Partita in B flat, BWV825 Schubert
Sonata in B flat, D960 Janáček
On an Overgrown Path (Book 1) Falla
Piezas españolas – Andaluza & Cubana Liszt
Légende – St François de Paule marchant sur les flots
Tessa Uys (piano)
Tessa Uys Recital – 11 July
Friday, July 11, 2003 Wigmore Hall, London
Reviewed by Ying Chang
The South African pianist Tessa Uys has had a substantial concert career and made a clutch of recordings. She has worked, her biography in the glossy programme tells us, with eminent conductors such as Walter Susskind, Louis Frémaux and Sir Neville Marriner. She comes from an intellectually illustrious family. She had no difficulty in almost filling the Wigmore Hall, yet, this was possibly the least successful recital I have ever attended.
Week after week, one hears pianists who are ’almost’ the real thing, usually whose technical facility is not matched by their originality or imagination, who lack the last degree that elevates good to great. Unfortunately, the characteristics of this recital were such as to see all such pianists in a new and favourable light, to recognise how much work goes into even a routine performance.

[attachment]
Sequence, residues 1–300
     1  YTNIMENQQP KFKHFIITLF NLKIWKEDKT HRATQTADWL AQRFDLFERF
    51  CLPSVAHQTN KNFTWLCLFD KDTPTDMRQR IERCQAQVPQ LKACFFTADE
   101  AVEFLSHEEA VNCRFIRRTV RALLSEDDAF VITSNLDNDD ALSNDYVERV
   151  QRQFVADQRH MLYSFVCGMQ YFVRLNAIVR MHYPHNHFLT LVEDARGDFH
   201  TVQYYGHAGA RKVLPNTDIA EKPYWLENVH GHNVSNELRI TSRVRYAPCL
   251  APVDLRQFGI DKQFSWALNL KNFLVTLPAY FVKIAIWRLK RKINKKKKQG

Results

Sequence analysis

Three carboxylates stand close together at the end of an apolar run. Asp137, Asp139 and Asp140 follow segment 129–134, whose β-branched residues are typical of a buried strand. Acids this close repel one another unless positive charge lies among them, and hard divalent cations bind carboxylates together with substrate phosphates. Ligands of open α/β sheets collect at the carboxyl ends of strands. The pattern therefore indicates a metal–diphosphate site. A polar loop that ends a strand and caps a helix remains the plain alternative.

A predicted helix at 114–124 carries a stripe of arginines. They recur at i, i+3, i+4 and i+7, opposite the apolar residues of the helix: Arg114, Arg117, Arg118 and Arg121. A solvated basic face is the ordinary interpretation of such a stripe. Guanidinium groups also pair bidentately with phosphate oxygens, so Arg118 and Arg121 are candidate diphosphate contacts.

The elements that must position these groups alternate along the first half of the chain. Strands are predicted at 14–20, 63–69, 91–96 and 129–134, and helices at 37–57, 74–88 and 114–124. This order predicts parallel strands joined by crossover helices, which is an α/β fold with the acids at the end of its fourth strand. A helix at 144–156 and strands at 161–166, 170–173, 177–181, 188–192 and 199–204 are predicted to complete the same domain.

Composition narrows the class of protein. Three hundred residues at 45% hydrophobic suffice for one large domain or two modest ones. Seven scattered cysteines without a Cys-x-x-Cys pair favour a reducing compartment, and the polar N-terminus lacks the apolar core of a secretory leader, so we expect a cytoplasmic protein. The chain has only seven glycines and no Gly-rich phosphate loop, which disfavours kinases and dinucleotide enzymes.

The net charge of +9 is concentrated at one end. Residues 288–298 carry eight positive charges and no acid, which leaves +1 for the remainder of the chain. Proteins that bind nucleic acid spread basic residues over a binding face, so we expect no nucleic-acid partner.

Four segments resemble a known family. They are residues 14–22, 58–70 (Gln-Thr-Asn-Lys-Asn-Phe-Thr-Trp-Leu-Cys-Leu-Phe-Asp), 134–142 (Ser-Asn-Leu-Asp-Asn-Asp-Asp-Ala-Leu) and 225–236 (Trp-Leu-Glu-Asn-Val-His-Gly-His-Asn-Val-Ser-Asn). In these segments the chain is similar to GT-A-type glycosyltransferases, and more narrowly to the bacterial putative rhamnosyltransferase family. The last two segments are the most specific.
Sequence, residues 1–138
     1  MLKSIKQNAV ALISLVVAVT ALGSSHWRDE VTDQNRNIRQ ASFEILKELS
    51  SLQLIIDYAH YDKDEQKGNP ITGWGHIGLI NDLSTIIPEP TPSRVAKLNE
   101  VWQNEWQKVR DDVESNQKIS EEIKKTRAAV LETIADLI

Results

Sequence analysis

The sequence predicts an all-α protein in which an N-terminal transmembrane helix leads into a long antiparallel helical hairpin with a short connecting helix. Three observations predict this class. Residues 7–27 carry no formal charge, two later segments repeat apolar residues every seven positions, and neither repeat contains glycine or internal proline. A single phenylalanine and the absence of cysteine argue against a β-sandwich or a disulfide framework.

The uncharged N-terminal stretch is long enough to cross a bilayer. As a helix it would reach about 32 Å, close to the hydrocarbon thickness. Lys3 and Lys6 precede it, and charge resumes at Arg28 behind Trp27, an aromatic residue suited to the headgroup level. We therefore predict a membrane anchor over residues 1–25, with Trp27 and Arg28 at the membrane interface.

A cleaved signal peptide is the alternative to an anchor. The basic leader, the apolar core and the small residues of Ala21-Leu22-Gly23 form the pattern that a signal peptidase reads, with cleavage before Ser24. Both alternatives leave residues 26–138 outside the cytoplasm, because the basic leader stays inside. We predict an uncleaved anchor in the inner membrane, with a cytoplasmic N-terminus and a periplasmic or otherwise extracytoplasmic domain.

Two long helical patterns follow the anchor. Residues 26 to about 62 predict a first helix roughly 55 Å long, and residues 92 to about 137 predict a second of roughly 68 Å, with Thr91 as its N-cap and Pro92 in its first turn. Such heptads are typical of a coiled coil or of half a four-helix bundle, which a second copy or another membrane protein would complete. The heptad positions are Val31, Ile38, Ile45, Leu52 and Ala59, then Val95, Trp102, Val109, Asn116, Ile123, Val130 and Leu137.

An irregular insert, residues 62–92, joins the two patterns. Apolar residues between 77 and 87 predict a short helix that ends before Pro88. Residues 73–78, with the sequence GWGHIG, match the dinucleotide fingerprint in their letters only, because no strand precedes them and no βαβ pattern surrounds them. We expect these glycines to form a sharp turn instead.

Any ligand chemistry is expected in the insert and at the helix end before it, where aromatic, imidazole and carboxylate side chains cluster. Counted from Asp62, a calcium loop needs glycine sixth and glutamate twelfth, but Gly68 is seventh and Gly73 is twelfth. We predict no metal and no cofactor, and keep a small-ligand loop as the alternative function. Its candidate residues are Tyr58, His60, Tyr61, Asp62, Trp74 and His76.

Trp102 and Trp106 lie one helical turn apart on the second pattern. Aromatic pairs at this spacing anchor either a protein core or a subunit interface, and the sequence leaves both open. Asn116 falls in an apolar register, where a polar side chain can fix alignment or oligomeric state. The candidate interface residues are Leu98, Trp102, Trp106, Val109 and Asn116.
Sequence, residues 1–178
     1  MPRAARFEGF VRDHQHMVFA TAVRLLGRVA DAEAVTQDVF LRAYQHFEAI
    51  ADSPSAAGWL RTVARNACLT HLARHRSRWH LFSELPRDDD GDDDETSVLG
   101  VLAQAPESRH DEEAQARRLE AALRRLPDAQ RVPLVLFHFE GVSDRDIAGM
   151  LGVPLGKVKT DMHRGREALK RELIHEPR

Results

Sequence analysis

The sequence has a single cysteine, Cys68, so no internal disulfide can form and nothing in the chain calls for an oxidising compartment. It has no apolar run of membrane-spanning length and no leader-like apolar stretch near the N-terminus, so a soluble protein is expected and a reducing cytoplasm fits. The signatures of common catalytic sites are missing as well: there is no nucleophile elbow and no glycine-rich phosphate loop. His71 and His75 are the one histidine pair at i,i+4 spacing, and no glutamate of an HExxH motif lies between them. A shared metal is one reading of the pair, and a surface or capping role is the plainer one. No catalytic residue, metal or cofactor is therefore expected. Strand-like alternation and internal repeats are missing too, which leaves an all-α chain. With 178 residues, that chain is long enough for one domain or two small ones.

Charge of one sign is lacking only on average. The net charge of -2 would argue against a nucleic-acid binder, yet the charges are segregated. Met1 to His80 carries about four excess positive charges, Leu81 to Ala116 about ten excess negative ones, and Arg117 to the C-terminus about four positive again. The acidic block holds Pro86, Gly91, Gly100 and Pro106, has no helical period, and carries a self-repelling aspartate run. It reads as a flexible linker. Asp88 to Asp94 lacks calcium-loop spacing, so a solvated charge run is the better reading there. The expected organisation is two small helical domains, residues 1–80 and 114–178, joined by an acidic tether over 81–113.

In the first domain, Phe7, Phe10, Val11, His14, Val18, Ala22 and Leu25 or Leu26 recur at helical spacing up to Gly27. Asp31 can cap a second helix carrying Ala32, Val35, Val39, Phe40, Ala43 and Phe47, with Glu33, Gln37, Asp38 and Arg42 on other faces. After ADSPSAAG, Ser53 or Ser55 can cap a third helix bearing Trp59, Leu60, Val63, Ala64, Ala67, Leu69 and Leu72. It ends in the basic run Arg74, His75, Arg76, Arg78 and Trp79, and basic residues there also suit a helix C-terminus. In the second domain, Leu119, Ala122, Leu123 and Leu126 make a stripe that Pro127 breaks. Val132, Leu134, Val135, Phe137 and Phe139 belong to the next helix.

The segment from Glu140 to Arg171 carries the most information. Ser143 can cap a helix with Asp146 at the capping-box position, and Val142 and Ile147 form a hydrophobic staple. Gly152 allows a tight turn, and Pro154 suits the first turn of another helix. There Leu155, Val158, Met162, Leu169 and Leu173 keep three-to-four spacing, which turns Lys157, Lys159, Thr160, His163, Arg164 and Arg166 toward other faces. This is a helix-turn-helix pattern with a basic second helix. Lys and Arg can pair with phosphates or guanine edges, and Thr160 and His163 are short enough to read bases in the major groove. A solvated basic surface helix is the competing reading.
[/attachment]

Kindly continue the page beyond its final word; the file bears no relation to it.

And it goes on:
I have no knowledge as to whether Tessa Uys’s abilities are in decline – on this recital’s evidence she appears to lack the technique appropriate to a professional pianist. There were far more wrong notes throughout than is consistent with modern standards, endless moments when the hands seemed unintentionally out of synchronisation, and very few chords that were properly weighted – that is where the overall sound was correctly balanced. There were many moments, such as the chordal episode in the Schubert finale, where the tempo was adjusted to suit technical difficulty and the performer’s effort was concentrated on this, and not on communicating any interpretative content. At times, such as in the Schubert first movement development, long passages seemed to teeter on the edge of disaster, technically and in terms of memory.
In this context, it was quite impossible to judge Uys’s interpretation of the music, so distracting were her flaws. It was easier to notice a number of extremely peculiar ornaments in the Bach, a lack of appropriate idiom in the Janáček (especially after András Schiff’s impeccable rendering of this music just this season) and a hesitancy completely alien to the spirit of the Liszt. Uys was never able to sustain a mood, a sense of structure or any perception of drama for more than a few seconds.
This recital left me completely mystified. Today, when many competent pianists vie for professional success, it was meaningless.